If you're like me, or someone who cares about our buildings at CBE, you always quake in fear (the non-religious kind) whenever it rains.
And so with rain falling yet again, I wonder what new damage will be revealed to our Sanctuary at 271 Garfield. Standing since 1909, this magnificent space has absorbed generations of prayers, confessions, hopes and dreams; it has also celebrate births and weddings, memorialized the dead, and served as the space in which children receive their names, become bar and bat mitzvah, graduate to college; finally, it has been the main dedicated space for sanctifying time and the historical moments of memory for our people--the Festivals and Holy Days on the calendar in which we thank God for our existence and pledge ourselves to be beneficiaries of God's protection for another year of life and blessing.
But when it rains--well, the plaster can fall from the ceiling; new peeling paint can reveal secret messages spelled in the firmament; or a slow process of decay and neglect can, beyond our best determination, continue on paths of destruction we have yet to discover.
Having just finished our Temple House Roof Replacement, we have taken the first of many, many steps to renovate our facilities and put them in the proper condition for another century of service to Brooklyn. But we are not yet in the Promised Land. There is a long, long way to go.
And we need help.
Our House Committee, a terrific group of individuals, is working up a priorities list to present in full-form to the Board of Trustees and the entire Congregation, with the idea that we can all begin to share a sense of responsibility for the care of our buildings. And I've seen the drafts--so believe me when I tell you there will be something for everyone: that's how big the list is.
Some of the work is simply deferred maintenance. The problems have plagued the Congregation for decades and only now is it finally time to face them once and for all. Until, of course, another generation faces them. That's the nature of old buildings.
This week I was reading Annie Polland's wonderful history of the Eldridge Street Synagogue--Landmark of the Spirit.In this book, Polland melds architecture and Jewish history to explore the important community decisions that informed the Eldridge Street Synagogue's founders to make the choices they did about their building, more than a century ago. And today, during services, I was moved to begin spontaneously talking about what differentiated Reform and Orthodox communities a hundred years ago that mitigated toward certain factors of space that continue to haunt me--like tall bimas removed from the people in their ordered pews. I found myself wishing to be in the midst of the people, as the founders of Eldridge Street decided when they built their building. I thought of this as I watched the rain fall outside during the service and then moved my eyes heavenward ("I lift my eyes to mountains, what is the source of my help? My help comes from the Eternal, Maker of heaven and earth." Psalm 121) But God willing my help will come from architecture schools at Yale, Harvard, Cooper Union, and Pratt, too.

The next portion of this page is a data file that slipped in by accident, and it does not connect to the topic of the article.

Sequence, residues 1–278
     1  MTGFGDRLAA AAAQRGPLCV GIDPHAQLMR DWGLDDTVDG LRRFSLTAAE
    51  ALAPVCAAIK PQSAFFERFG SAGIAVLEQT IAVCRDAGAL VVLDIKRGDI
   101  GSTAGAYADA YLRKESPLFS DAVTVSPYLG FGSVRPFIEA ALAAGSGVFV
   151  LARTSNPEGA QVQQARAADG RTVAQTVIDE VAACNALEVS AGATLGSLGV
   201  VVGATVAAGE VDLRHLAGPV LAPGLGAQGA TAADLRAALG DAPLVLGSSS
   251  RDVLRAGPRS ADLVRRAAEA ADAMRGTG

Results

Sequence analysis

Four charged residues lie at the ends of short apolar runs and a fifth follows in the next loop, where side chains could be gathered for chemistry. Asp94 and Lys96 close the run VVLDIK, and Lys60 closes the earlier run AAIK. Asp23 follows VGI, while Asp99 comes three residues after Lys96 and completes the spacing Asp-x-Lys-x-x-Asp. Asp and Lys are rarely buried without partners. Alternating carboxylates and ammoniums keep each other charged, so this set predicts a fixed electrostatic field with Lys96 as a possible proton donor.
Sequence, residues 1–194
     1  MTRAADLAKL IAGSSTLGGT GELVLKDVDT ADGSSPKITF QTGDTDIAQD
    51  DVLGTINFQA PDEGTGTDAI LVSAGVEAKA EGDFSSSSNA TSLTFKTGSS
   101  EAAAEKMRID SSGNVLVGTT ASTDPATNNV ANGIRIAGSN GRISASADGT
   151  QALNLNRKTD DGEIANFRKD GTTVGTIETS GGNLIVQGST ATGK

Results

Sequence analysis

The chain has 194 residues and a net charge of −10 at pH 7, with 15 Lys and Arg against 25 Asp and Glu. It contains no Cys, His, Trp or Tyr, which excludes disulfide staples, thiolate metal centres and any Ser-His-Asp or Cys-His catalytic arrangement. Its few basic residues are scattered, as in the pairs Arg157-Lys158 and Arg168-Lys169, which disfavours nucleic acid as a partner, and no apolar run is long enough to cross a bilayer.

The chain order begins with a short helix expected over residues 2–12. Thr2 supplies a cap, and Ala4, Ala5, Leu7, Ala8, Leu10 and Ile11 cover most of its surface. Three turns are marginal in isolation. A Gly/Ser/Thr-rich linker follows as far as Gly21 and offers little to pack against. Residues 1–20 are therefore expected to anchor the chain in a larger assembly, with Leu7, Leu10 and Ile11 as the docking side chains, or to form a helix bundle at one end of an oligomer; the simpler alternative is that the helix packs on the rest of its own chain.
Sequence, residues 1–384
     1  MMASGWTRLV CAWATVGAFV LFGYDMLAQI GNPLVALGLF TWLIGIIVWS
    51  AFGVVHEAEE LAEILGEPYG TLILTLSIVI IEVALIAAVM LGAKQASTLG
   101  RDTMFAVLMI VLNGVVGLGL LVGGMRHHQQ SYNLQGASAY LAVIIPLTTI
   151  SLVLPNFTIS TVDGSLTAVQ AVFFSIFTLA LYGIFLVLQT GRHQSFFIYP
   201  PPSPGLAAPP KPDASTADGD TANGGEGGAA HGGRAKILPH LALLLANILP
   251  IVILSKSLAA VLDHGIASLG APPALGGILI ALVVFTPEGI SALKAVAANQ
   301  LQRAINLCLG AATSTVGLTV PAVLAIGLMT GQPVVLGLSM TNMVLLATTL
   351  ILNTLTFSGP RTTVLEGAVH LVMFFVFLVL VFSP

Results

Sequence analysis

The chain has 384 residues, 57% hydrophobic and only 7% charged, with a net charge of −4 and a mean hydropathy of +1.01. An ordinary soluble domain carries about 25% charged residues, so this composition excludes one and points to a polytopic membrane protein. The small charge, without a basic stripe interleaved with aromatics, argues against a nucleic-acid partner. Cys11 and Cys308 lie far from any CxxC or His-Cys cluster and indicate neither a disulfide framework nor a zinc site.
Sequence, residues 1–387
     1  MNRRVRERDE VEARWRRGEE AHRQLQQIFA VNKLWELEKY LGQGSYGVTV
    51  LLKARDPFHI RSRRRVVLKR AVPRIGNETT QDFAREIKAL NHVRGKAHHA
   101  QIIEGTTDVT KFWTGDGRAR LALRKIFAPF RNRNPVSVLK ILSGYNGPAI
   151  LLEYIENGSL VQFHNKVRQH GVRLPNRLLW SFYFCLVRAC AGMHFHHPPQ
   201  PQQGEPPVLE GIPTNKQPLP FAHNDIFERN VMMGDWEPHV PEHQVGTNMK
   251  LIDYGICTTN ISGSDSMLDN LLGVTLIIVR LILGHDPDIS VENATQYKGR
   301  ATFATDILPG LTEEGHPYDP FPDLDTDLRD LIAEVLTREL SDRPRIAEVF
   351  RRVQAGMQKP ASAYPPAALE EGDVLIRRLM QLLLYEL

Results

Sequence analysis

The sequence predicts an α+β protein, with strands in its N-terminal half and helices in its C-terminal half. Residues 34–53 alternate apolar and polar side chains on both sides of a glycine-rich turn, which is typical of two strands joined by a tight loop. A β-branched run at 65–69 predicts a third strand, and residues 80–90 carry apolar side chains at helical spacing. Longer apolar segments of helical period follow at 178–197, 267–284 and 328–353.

In this week's Torah portion, Shelach Lecha, we read that "the Eternal spoke to Moses, saying, 'Send men to scout the land of Canaan, which I am giving to the Israelite people; send one man from each of their ancestral tribes, each one a chieftain among them." (Numbers 13.1) The rabbis insist on translating "shelach lecha" as "go see for yourself," meaning, God had already promised the land. It was theirs to take. But they had fears and doubts and in frustration God said, "So go see for yourself." With a hint of exasperation, God seemed to be saying to Israel, "Your fears are only delaying the inevitable work required to own the sacred space I'm giving you."
And so it is with us, folks.
We need men and women, boys and girls, to "go see for themselves." We need ideas and creativity; we need hearts beating with commitment, souls searching for peace and comfort in a sacred space; and we need money--lots and lots of money.
So over the course of the summer, as you walk past our buildings, stick your head inside. Sit in rooms, inhabit and own the experience of being a part of history. Go see and experience for yourself what YOU think about sacred and communal space and how that interfaces with what our founders thought a hundred years ago.
And prepare yourselves for an exciting Fall, when we gather again after a brief relaxing summer to rededicate ourselves, in our Sanctuary's 100th year, to fix it up and get it right.